#16 - Add a parking lot to your to-do list

Never forget about unfinished tasks.

Add a parking lot to your to-do list

In the summer of 2018 I received an offer by Kathryn & David Allen to attend a two-day seminar on the fundamentals of Getting Things Done®, the famous productivity methodology that sold over 2 million book copies worldwide.

It wasn’t just any seminar — I actually had the opportunity to fill in for someone in what was essentially a “train the trainer” version of their entry level class, filled with people who had integrated GTD® so deeply that someone's project board even included a to-do list dedicated entirely to their dog, with current and future to-do's.

As extreme as that may be, I fell in love with many of the concepts discussed and highly recommend reading the book or following a class yourself.

As is the case with most great seminars or books, you tend to remember a few elements that stick with you. For me, one of those elements was the waiting-for box.

Or as I like to call it, the parking lot.

But first, why and how do to-do lists work?

In the words of David Allen: “Our minds aren't built for holding ideas”.

Writing down what is on your mind quite literally frees up cognitive space that your brain will otherwise use to constantly remind you not to forget about XYZ.

As a CEO I am constantly switching from discussions, to phone calls, to trouble-shooting for a client, to urgent emails and back to new discussions. The only way I can be fully present in each of those moments is by constantly offloading my actions into my to-do app, so that I can move on knowing it can reviewed later.

Fundamentally, three things matter most in writing my to-do lists:

  1. Capture it all, or don't bother. Keeping half in your head and half on a to-do list is still going to give you a 100% of the cognitive stress.

  2. Capture it all in once place. Splitting tasks over multiple apps or loose papers doesn't bring me any closer to feeling in control.

  3. Always think in ‘next actions’. Something as complex as designing a marketing plan might paralyse you into procrastination, however the very first step of that process (your next action) might be as simple as “schedule a brainstorm with the marketing team”. Write that down instead.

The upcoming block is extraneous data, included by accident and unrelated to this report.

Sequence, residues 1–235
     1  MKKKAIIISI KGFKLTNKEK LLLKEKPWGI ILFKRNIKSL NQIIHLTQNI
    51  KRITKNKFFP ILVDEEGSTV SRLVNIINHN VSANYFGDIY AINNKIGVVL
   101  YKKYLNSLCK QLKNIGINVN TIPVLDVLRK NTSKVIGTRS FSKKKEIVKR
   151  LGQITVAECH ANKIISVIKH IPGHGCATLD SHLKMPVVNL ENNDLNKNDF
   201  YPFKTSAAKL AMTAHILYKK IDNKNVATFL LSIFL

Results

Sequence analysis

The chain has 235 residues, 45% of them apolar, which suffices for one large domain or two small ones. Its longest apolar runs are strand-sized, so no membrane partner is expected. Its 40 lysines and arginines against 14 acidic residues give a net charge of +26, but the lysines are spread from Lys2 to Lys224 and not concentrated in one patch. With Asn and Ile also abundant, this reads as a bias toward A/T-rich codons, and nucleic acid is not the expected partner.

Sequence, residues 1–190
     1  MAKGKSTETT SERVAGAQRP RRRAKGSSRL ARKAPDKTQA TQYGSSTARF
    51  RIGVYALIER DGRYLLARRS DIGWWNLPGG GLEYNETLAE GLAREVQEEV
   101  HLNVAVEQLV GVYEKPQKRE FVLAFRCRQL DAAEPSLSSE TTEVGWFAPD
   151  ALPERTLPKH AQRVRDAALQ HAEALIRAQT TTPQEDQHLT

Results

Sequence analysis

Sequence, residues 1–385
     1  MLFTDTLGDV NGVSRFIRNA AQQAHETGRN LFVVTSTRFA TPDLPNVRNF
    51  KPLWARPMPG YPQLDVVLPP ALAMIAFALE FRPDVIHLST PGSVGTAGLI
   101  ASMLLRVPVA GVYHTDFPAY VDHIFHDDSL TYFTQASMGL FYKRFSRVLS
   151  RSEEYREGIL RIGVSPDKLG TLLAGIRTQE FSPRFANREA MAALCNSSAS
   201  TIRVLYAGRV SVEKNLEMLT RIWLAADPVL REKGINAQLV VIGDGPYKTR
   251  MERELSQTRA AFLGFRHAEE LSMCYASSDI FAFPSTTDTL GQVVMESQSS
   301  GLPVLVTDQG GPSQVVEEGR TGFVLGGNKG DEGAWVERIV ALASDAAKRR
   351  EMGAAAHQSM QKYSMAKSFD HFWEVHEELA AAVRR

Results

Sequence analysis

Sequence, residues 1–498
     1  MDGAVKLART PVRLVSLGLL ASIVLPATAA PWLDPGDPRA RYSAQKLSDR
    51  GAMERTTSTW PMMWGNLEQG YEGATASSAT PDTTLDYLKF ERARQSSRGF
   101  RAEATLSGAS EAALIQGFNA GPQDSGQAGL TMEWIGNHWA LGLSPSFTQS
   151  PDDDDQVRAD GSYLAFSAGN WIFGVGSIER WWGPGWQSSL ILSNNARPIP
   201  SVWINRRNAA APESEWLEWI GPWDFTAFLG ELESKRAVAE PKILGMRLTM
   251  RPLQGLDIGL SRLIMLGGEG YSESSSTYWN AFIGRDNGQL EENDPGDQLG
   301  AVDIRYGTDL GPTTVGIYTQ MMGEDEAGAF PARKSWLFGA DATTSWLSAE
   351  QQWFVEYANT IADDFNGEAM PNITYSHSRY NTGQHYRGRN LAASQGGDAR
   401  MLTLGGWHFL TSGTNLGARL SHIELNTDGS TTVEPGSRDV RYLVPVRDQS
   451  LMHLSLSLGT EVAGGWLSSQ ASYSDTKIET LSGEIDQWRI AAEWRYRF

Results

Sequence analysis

Now let me throw you a slight curve-ball.

What if your next action requires input from someone else before you can complete it? What if you need to schedule a brainstorm with the marketing team but you're still waiting to hear back via email whether a meeting room is available?

Enter the parking lot.

Waiting for someone else to respond creates an interesting to-do list dilemma.

  • You could hit the check-box on your to-do and consider it done, but at the risk of getting no response and forgetting about your unfinished task afterwards.

  • You could leave it open on your to-do list, unnecessarily cluttering your list with an item that is currently outside of your control.

Neither are great and there is a better solution.

Within my Microsoft To Do app I keep track of multiple lists. There's one for my personal life, one for work and one dedicated entirely to the Hatchet.

Each of these lists are split between an inbox, a parking lot and a backlog of tasks called ‘some day’.

Whenever I'm dependent on someone else to complete a task I will drag that to-do from my inbox to the parking lot with a description of who I'm waiting for and when I feel it's realistic to have received a reply. All you need to do next is periodically review your parking lot.

And that .. is how you never forget about an unfinished task.